[Haskell-cafe] Code generation and optimisation for compiling Haskell

Thomas Schilling nominolo at googlemail.com
Wed Jan 11 16:20:48 CET 2012

Based on your stated background, the best start would be the (longer)
paper on the Spineless Tagless G-machine [1].  It describes how graph
reduction is actually implemented efficiently.  Since then there have
been two major changes to this basic implementation: Use of eval/apply
(a different calling convention) [2] and constructor tagging [3]
(which drastically reduces the number of indirect branches from the
original STG approach).

In addition to this fairly low-level stuff, there are very powerful
optimisations performed at a higher level.  For a taste see stream
fusion [4].

If you're done with these, feel free to ask for more. :)

[1]: http://research.microsoft.com/apps/pubs/default.aspx?id=67083
[2]: http://research.microsoft.com/en-us/um/people/simonpj/papers/eval-apply/
[3]: http://research.microsoft.com/en-us/um/people/simonpj/papers/ptr-tag/index.htm
[4]: http://citeseer.ist.psu.edu/viewdoc/summary?doi=

On 10 January 2012 17:25, Steve Horne <sh006d3592 at blueyonder.co.uk> wrote:
> Although I'm far from being an expert Haskell programmer, I think I'm ready
> to look into some of the details of how it's compiled. I've a copy of Modern
> Compiler Design (Grune, Bal, Jacobs and Langendoen) - I first learned a lot
> of lexical and parsing stuff from it quite a few years ago. Today, I started
> looking through the functional languages section - I've read it before, but
> never absorbed much of it.
> Graph reduction, lambda lifing, etc - it seems pretty simple. Far too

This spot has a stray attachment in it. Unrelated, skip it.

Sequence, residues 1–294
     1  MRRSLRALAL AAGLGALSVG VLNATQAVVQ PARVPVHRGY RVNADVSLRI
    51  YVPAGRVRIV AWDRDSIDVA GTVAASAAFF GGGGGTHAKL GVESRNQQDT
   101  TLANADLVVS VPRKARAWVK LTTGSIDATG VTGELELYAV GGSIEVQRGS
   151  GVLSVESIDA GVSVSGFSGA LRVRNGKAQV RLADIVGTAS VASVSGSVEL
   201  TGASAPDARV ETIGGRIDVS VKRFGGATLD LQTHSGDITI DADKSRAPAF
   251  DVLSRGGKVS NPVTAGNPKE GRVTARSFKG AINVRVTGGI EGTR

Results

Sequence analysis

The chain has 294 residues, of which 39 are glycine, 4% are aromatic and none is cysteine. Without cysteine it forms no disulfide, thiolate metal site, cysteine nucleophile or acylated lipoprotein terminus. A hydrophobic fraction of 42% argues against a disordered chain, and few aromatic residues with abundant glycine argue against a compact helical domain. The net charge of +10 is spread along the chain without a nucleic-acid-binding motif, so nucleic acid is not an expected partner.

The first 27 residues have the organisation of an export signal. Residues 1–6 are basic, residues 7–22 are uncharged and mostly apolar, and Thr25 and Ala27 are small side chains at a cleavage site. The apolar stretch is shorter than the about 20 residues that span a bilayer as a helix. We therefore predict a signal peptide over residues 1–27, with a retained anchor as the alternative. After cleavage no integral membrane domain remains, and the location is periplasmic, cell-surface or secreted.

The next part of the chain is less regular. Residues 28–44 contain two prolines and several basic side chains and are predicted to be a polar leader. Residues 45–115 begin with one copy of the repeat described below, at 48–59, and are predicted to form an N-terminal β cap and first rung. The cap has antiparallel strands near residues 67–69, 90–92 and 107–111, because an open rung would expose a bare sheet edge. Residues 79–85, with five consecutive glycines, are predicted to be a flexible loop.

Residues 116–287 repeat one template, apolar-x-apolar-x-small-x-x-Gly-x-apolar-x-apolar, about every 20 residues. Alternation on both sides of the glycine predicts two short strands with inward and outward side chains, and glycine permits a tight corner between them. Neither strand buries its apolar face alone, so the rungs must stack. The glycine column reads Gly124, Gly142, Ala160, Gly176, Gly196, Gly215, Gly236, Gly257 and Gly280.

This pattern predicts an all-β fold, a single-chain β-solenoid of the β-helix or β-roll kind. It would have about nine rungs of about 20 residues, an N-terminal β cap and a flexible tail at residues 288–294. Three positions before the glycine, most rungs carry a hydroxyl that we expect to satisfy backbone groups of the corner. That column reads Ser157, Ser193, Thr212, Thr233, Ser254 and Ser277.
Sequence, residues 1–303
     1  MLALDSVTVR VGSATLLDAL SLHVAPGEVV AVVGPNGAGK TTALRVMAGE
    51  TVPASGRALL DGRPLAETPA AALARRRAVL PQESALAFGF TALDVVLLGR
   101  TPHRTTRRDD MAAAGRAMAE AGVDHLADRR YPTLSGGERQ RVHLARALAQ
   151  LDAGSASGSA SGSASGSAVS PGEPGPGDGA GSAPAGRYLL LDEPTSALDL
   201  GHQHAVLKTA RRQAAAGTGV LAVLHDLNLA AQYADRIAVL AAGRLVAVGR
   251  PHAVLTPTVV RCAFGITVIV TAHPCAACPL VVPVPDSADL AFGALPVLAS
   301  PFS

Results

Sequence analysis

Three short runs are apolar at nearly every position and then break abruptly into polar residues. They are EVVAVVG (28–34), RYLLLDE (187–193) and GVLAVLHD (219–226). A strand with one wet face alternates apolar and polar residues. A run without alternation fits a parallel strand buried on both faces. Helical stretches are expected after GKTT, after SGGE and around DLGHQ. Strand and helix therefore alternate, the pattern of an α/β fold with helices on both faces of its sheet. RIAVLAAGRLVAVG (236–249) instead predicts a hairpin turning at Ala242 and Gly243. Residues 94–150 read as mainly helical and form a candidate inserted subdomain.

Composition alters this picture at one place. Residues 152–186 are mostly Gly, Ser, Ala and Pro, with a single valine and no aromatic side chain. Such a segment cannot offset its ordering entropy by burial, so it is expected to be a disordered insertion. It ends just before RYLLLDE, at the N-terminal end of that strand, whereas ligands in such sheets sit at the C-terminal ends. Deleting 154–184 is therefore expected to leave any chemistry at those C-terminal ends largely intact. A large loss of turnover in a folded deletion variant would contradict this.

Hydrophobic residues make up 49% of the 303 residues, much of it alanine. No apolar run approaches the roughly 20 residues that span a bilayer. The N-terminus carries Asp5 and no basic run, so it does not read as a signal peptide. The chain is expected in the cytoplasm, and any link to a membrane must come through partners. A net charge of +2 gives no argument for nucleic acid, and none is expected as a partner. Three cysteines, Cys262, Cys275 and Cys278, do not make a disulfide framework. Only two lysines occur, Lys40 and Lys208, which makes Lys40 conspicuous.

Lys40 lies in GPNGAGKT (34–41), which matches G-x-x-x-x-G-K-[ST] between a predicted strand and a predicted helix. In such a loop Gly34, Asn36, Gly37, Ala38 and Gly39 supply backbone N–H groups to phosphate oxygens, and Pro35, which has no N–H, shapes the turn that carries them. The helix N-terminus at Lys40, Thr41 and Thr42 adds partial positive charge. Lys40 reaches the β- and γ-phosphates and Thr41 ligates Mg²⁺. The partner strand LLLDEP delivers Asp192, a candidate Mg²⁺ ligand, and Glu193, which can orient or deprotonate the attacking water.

> simple. It's hard to believe that decent performance is possible if all the
> work is done by a run-time graph reduction engine.
> Simon Peyton Jones has written a couple of books on implementing functional
> languages which are available for free download. At a glance, they seem to
> covers similar topics in much more detail. However, they're from 1987 and
> 1992. Considering SPJs period "of despair" when he couldn't get practical
> performance for monadic I/O, these seem very dated.
> Some time ago, I made a note to look up the book "Functional Programming and
> Parallel Graph Rewriting" (I forget why) but again that's from the early
> 90's. I've also got a note to look up Urban Boquists thesis.
> SPJ also has some papers on compilation -
> http://research.microsoft.com/en-us/um/people/simonpj/papers/papers.html#compiler
> - and the papers on optimisation by program transformation have caught my
> eye.
> Are there any current text-books that describe the techniques used by
> compilers like GHC to generate efficient code from functional languages?
> It's OK to assume some knowledge of basic compiler theory - the important
> stuff is code generation and optimisation techniques for lazy functional
> languages in particular.
> Also, what papers should I read? Am I on the right lines with the ones I've
> mentioned above?
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Push the envelope. Watch it bend.

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